To visualize the apicobasal events that drive VFF, living embryos were transversely mounted by inserting them lengthwise into cylindrical wells molded into a thin polyacrylamide slab mounted on a glass coverslip. The embryos were covered with halocarbon oil and a clear Teflon membrane (Fig. 1). The oil prevents desiccation of the embryos and gel, while the Teflon membrane provides stability and allows ample aeration for development to proceed normally. The polyacrylamide slabs were prepared by pouring an acrylamide solution into a square, embedding mold and inserting a comb composed of twenty (two rows of 10) stainless steel pins. Once polymerized, the gel block was cut into slices such that each slab has a 2 × 10 array of cylindrical holes perpendicular to the surface of the slices (details provided in the Experimental Procedures section). The array of wells allows one to record the development of up to 20 embryos in a single session, which is essential for the analysis of zygotic mutants, where only one in four embryos will be mutant. This method allows one to visualize all apicobasal cell-shape changes around the dorsoventral circumference of embryos using a variety of fluorescent reporters.
To test the limits of end-on imaging, both single-photon and two-photon, laser-scanning, confocal microscopy were used to determine the range of focal planes at which individual cells expressing nGFP could be resolved. High resolution images were captured up to 65 μm using single-photon imaging from the posterior pole of the embryo, and up to 80 μm using two-photon imaging (Supplemental Fig. 1). At this focal plane, nuclei were seen even after they had entered the yolky interior of the embryo. At 50% egg length (approximately 250 μm from the posterior end), it was still possible to see a ventral furrow form, though the nuclei disappeared once they entered the interior of the embryo because of the light scattering properties of the yolk. Individual nuclei at the cortex were seen through the entire length of the embryo, though the resolution was dramatically decreased and there was shadowing over the part of the embryo closest to the gel as the focal plane was focused deeper into the embryo. It was possible to image nuclei all along the cortex without passing through the dense yolk, explaining why it was possible to image deeper into these preparations than in previous studies that used ventrally mounted embryos (Kam et al., 1991; Nikolaidou and Barrett, 2004).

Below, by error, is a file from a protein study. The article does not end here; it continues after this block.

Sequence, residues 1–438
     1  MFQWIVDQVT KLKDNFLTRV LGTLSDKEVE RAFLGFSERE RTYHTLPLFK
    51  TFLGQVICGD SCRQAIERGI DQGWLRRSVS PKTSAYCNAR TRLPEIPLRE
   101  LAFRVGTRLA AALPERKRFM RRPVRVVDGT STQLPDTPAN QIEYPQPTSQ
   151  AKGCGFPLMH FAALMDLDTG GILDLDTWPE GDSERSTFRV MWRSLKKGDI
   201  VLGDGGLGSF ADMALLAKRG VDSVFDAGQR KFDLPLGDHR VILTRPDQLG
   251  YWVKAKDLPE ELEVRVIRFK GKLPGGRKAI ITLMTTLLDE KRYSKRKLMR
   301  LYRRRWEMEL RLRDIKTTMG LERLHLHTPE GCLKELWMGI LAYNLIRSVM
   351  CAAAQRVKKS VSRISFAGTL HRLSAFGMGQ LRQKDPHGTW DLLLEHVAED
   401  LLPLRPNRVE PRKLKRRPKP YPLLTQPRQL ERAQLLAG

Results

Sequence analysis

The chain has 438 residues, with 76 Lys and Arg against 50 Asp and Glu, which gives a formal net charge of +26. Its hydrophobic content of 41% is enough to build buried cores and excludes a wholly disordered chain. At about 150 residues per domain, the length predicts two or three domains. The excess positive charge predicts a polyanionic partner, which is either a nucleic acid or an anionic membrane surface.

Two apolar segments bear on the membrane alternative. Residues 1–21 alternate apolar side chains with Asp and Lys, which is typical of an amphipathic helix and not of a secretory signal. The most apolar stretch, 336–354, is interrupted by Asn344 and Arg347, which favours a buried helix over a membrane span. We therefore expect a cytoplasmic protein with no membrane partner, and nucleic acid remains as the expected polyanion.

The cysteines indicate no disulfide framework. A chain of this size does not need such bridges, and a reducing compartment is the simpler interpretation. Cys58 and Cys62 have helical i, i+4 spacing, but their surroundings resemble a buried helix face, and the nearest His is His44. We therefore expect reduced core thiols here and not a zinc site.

End-on imaging can also be employed to study a host of other processes, such as mesoderm migration, pole cell formation and migration, head involution, brain development, and cell death and engulfment. Two-photon laser-scanning microscopy allows for the study of other processes that take place deeper in the embryo, such as the formation of the amnioserosa. It is also possible to use the prefabricated wells to study the development of other species such as Xenopus or zebrafish. This mounting method can be adapted to study any relatively small organism that needs to be immobilized in a specific orientation by using different size and shape molds for forming the mounting wells. These molds can be manufactured using pins of different dimensions as outlined above or by micro-machining intricately shaped molds.
The Toll signaling pathway, which directs VFF, is known to be activated more than an hour before VFF, during the syncytial nuclear divisions. Evidence of this early activation includes the nuclear localization of Dorsal, ventral expression of Twist and Snail, accelerated cellularization in ventral cells and the detection of proteomic differences between ventral and lateral cells prior to cellularization (Rickoll, 1976; Leptin and Grunewald, 1990; Gong et al., 2004; Moussian and Roth, 2005). We examined syncytial nuclear divisions to determine if they were also affected in ventral nuclei, compared to the other nuclei around the periphery. End-on imaging of nGFP-expressing embryos revealed a wave of nuclear divisions that propagated from the ventral nuclei around the periphery to the dorsal nuclei in nuclear cycles 11 to 13 (cycle 13 is shown in Fig. 2, Supplemental Movie 1). Nuclei entering mitosis lose their defined appearance as the nGFP diffuses into the cytoplasm during nuclear membrane breakdown. The wave of nuclear divisions was also seen in Sqh-GFP embryos by following the exclusion of the cytoplasmic myosin from the nuclear space during interphase (data not shown). The initiation point of this mitotic wave reliably predicted ±25° of where the ventral furrow would form in 90% (n=19) of wild-type embryos. This early VFF phenotype will be useful in identifying and analyzing mutations that affect VFF.